Blockchain technology, can be defined as the technology of decentralized distributed records, or a mechanism aimed at providing a higher level of protection and security for data, through its many features, which include invulnerability, auditability, and encryption, while ensuring transparency among dealers who usually don’t know each other.
Although Blockchain technology was initially exclusive to Cryptocurrency and the financial sector, many other sectors have begun to rely on it to record data they don’t want to be changed or reversed, so that it can be used as smart contracts, by integrating it promptly with related transactions.
Among the most prominent sectors to have used Blockchain technologies are the industrial and healthcare sector, the pharmaceutical sector, the real estate sector and retail trade, the supply chain, the legal sector, and the publishing sector. It comes as no surprise that the defense and security sectors have adopted Blockchain technologies, as the military-industrial complex and security institutions have always been at the forefront of innovating technology and using it.
Given that the military-industrial complex’s share of spending on research and development in the defense and security budgets of the great world powers has always been large, it is only natural that with their priority funding, ground-breaking inventions are usually proliferated within the military sector and exploited there, before they reach civilian hands. The list of technologies that underwent the same process is actually long, including ARPANET which later became “the internet” as we know it, Wi-Fi, and GPS.
There are two types of blockchain: “open chains” (used in Cryptocurrency) and “private chains”, which are much more suitable for the military and security field.
Opportunities provided by blockchain technologies for the defense and security sectors
In the security sector, blockchain technology is commonly used in areas related to digital identity and passports, flagging and blocking fake passports, monitoring illegal attempts of escaping the country, and preventing fraud and vote tampering during elections.
In this context, the Australian government confirmed that Blockchain technology is used as an integral part of protecting Australian businesses and the country from cyber-attacks. Using Blockchain technology has allowed it to reduce the rate of cyber-security breaches, which had increased by 80% between mid-2019 and mid-2020.
This prompted the French National Gendarmerie to contract Tezos, a blockchain company that provides a service by the same name, to combat digital crime, especially in the field of secure smart contracts, as it has advantages compared to other technologies that are more vulnerable to devastating security breaches.
Mainly because the Tezos smart contract programming languages ensure the highest levels of security, including features like the ability to collect the confirmation of all parties involved in the transaction, before it can be confirmed and added to the block.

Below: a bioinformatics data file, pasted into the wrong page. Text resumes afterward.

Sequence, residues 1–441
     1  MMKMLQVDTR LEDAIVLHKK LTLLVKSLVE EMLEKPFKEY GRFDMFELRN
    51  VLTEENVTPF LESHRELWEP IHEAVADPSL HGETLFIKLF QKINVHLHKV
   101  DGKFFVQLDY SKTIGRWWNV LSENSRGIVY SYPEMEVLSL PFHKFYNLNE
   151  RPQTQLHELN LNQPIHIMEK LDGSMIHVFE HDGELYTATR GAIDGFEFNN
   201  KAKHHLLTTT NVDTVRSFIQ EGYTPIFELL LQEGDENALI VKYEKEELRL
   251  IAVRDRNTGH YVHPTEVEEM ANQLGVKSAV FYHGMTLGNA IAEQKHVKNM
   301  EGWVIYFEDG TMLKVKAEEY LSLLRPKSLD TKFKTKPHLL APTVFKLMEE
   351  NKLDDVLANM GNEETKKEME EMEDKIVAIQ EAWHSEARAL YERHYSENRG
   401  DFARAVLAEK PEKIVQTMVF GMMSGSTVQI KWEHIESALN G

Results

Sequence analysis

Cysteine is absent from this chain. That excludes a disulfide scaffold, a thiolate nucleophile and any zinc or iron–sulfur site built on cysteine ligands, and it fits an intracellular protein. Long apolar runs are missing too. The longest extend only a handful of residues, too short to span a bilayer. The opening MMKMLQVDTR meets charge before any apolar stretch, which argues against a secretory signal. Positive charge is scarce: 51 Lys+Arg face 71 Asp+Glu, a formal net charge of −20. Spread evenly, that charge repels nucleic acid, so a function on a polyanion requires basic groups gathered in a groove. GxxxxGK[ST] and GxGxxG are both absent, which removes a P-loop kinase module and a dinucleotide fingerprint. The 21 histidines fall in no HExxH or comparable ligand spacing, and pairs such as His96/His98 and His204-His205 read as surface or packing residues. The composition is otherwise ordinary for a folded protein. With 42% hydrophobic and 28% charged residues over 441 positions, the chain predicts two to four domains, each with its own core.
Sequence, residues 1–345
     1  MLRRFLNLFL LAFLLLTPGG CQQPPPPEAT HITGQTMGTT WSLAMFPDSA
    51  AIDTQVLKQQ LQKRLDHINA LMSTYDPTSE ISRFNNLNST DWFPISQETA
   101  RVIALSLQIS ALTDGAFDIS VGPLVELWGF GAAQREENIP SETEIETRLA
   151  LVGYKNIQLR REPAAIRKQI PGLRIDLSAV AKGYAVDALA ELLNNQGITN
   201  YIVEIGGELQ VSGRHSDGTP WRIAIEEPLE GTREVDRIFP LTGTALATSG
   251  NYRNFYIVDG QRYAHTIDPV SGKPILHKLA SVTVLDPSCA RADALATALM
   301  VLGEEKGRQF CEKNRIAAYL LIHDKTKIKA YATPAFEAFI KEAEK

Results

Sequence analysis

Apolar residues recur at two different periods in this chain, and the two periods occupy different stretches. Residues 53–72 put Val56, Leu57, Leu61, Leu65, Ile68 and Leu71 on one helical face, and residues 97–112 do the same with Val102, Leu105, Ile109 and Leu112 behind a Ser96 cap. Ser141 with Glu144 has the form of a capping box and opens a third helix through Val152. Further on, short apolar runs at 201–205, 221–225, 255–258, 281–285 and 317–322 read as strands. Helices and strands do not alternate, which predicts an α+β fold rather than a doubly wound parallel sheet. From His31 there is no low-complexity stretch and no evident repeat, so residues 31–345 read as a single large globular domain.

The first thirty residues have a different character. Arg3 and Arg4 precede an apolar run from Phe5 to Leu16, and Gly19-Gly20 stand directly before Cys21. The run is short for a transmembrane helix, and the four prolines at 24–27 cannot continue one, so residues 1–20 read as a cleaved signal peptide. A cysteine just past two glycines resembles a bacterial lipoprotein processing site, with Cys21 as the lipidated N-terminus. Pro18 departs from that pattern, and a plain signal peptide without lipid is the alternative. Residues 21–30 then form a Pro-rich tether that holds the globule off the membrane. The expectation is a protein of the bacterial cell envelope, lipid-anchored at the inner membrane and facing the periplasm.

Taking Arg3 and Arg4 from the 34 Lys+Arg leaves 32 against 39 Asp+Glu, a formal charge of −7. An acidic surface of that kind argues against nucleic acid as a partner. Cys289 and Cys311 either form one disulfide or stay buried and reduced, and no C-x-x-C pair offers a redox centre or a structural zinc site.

It also gives parties the ability to track and review the origin and date of the transaction, it also guarantees the immutability that makes it impossible to make any change in any transaction, after it is confirmed and added to the blockchain.
There is also the feature of unitary record, which enables users to obtain any information related to their transaction from a single database without the need to refer to several records, and finally, the ability to absorb future innovations without users even realizing it and without any interruption in the network’s function.
The PLA Daily reported in one of its editorials, that the Chinese military has used blockchain technology to improve operations within its institutions. Through these technologies, files can be created to store data belonging to military personnel, which includes basic information, future career prospects, and the training courses they must pass, making it easier and more logical to evaluate and promote these personnel based on their individual performance.
Given Blockchain technology’s ability to store and transmit information securely, and the military’s production and transmission of huge amounts of data, it makes sense that the military would rely on such technology.
The military’s reliance on information creates vulnerabilities that can be addressed by a technology such as Blockchain, due to its security that relies on distributed blocks of data instead of using a central server that is more vulnerable to cyber-attacks and its stability to maintain information integrity at all levels and protect highly confidential data.
On the other hand, the process of sharing information in the military is extremely complex and difficult, given the inherent complexity of such multifarious institutions.
In general, the process is built around several commanders, mainly the chiefs of staff of the army, air forces and navy, etc. In addition to the directors of other army departments, the department related to the state, and the political leadership.
Coordination between all of these parties is not an easy task, because each of these entities has its own unique prevailing internal culture, and operates according to a certain logic, which makes Blockchain technology the ideal solution for communication between military departments and maintaining the fluidity of information and protection from security breaches.